The current political situation in the country is characterized by significant militarization of the country, restrictions on basic human rights, persecution of civil society and protectionist economic policies.
Foreign policy of the country
India is a key strategic and security partner for Sri Lanka. The Sri Lankan government openly declares that Delhi is a priority for it in matters of security cooperation. India is Sri Lanka’s largest development partner. Relations are particularly strained by the Tamil minority, located in the north and east of the country. The Government of India is pushing for the implementation of the 13th Amendment of the Sri Lankan Constitution, including devolution, and for the speedy conduct of provincial elections. Another problem is alleged illegal fishing by Indian fishermen in Sri Lankan waters. Another burning point is the frequent favoring of China in the allocation of large economic projects at the expense of India. India has significant merit in economic aid to Sri Lanka, which has pledged more than USD 2 billion in humanitarian aid in the first quarter of 2022 alone. Check recipesinthebox for Sri Lanka defense and foreign policy.
The Chinese presence and its influence on the island is mainly represented by huge investments. However, their further influx is hampered by the prism of already high indebtedness to China and the imperative of strict prioritization of Sri Lankan interests. The current economic crisis in the country is blamed on China, which, according to the Sri Lankan media, knowingly helped Sri Lanka get into a debt trap.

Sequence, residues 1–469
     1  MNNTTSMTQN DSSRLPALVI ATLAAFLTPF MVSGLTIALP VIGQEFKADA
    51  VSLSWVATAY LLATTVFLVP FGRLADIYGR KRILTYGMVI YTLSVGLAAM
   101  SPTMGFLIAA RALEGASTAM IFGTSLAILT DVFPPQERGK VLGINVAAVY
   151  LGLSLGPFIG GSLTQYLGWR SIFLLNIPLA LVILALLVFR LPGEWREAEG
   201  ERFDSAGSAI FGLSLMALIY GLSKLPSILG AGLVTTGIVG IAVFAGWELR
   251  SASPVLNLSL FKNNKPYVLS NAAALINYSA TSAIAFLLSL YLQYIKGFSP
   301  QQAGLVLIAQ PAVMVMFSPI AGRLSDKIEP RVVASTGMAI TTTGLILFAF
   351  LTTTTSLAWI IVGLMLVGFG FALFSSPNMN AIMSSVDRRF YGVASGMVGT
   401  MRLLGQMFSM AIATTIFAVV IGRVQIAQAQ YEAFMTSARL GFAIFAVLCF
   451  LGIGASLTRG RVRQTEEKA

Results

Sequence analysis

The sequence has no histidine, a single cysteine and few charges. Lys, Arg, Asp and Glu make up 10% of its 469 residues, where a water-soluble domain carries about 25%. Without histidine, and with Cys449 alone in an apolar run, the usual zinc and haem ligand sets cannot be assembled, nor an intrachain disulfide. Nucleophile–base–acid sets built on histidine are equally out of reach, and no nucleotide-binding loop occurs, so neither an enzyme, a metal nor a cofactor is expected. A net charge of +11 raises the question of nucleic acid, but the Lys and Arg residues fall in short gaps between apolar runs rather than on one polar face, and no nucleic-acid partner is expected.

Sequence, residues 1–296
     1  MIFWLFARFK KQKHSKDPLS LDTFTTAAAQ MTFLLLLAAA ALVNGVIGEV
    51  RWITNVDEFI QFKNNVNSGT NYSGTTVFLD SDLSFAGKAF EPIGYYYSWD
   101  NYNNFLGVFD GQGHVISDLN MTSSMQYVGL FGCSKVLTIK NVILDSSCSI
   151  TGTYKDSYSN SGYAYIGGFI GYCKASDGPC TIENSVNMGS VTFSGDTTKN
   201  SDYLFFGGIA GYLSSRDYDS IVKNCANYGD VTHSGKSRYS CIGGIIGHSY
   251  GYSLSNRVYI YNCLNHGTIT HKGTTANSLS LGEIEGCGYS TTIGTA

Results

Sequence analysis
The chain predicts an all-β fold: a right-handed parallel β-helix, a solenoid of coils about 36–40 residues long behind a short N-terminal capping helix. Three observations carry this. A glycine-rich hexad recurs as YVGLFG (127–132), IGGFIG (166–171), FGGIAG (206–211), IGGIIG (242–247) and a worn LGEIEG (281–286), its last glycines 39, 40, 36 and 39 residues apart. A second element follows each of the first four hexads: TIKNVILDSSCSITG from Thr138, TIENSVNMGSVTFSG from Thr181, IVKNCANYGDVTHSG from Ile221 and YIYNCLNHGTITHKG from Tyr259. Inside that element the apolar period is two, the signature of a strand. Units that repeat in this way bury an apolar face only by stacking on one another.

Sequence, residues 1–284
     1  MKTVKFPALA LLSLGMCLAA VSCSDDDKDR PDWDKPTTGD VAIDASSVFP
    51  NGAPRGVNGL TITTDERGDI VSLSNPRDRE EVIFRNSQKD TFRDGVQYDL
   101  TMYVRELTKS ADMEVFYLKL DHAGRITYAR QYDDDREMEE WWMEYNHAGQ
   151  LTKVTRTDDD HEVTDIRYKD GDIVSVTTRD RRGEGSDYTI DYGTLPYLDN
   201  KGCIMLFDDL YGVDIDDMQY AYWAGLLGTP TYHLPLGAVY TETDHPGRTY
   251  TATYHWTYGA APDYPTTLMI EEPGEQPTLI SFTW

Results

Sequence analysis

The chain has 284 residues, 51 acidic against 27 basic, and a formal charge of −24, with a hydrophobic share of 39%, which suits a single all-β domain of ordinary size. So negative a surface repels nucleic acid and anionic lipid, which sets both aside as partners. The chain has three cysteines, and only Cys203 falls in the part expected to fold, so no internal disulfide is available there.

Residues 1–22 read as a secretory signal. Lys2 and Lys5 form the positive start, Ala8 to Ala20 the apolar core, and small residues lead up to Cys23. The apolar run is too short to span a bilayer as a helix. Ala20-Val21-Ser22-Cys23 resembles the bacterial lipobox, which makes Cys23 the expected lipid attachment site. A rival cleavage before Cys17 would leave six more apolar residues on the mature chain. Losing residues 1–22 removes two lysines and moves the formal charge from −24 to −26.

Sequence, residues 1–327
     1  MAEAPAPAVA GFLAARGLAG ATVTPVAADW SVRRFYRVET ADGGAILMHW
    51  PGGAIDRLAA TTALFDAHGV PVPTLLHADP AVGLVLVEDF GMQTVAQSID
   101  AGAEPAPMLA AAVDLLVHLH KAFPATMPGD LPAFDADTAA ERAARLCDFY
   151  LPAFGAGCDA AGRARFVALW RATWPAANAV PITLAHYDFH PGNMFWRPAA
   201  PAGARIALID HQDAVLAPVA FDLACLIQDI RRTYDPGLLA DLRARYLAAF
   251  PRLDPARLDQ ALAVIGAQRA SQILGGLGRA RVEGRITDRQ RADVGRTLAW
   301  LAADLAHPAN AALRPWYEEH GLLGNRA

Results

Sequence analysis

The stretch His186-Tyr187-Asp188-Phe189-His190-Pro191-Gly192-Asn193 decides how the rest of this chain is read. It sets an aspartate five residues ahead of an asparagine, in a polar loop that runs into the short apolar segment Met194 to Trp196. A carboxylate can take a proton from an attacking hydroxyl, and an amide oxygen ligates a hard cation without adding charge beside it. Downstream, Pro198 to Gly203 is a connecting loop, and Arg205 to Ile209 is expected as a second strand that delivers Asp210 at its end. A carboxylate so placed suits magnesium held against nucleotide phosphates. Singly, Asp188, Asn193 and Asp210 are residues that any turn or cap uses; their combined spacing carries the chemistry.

Relations with the USA are not warm at all. The Sri Lankan side did not reflect the efforts of the US to avert economic cooperation with China. He emphasizes that the country is not ready to sacrifice the independence, sovereignty and territorial integrity of the state while maintaining foreign relations. The USD 480 million Millennium Challenge Corporation (MCC) Agreement signed by the previous government in 2019 became problematic. The Sri Lankan government eventually decided not to sign the MCC with the US, saying that some of its features threatened Sri Lanka’s national security and social and economic well-being Cables.
Sri Lanka is strengthening relations with Bangladesh, with whom it is negotiating a Free Trade Agreement (FTA). The Prime Minister of Bangladesh has offered $200 million in humanitarian aid to Sri Lanka at a time of economic crisis.
The EU stood at a crossroads in relation to Sri Lanka in 2021. The problem is the country’s drift away from pro-Western values and reluctance to implement the resolutions of the UN General Assembly resolutions regarding reconciliation, accountability and human rights in Sri Lanka. In 2021, the European Union continued financial assistance aimed at dealing with the consequences of the coronavirus epidemic
Number of inhabitants and population density:
About 22 million people live in Sri Lanka, the population density is 327 inhabitants/km2, the average annual increase is 0.67%.
Demographic composition: About 75% of the population is Sinhalese. The rest are Sri Lankan and Indian Tamils (15.5%), Muslims (over 9%) and others.
Official Language: The official languages are Sinhala and Tamil
Religion: Main religion: Buddhism (70.2%), Hinduism (12.6%), Islam (9.7%), Christianity (6.1%).